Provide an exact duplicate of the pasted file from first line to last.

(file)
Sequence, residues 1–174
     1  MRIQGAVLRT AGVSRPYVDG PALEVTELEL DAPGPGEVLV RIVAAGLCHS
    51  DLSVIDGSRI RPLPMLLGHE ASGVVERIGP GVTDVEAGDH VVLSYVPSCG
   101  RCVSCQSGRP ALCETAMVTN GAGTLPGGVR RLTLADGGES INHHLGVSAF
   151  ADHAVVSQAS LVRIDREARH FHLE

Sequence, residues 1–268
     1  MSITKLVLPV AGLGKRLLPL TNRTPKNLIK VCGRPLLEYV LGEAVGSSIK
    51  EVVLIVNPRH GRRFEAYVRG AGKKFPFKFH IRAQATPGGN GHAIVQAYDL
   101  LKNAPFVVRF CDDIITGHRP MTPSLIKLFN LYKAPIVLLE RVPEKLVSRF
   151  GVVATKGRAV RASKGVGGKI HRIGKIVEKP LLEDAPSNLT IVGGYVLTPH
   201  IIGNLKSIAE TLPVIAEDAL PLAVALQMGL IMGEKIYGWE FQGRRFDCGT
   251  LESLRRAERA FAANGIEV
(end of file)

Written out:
Sequence, residues 1–174
     1  MRIQGAVLRT AGVSRPYVDG PALEVTELEL DAPGPGEVLV RIVAAGLCHS
    51  DLSVIDGSRI RPLPMLLGHE ASGVVERIGP GVTDVEAGDH VVLSYVPSCG
   101  RCVSCQSGRP ALCETAMVTN GAGTLPGGVR RLTLADGGES INHHLGVSAF
   151  ADHAVVSQAS LVRIDREARH FHLE

Sequence, residues 1–268
     1  MSITKLVLPV AGLGKRLLPL TNRTPKNLIK VCGRPLLEYV LGEAVGSSIK
    51  EVVLIVNPRH GRRFEAYVRG AGKKFPFKFH IRAQATPGGN GHAIVQAYDL
   101  LKNAPFVVRF CDDIITGHRP MTPSLIKLFN LYKAPIVLLE RVPEKLVSRF
   151  GVVATKGRAV RASKGVGGKI HRIGKIVEKP LLEDAPSNLT IVGGYVLTPH
   201  IIGNLKSIAE TLPVIAEDAL PLAVALQMGL IMGEKIYGWE FQGRRFDCGT
   251  LESLRRAERA FAANGIEV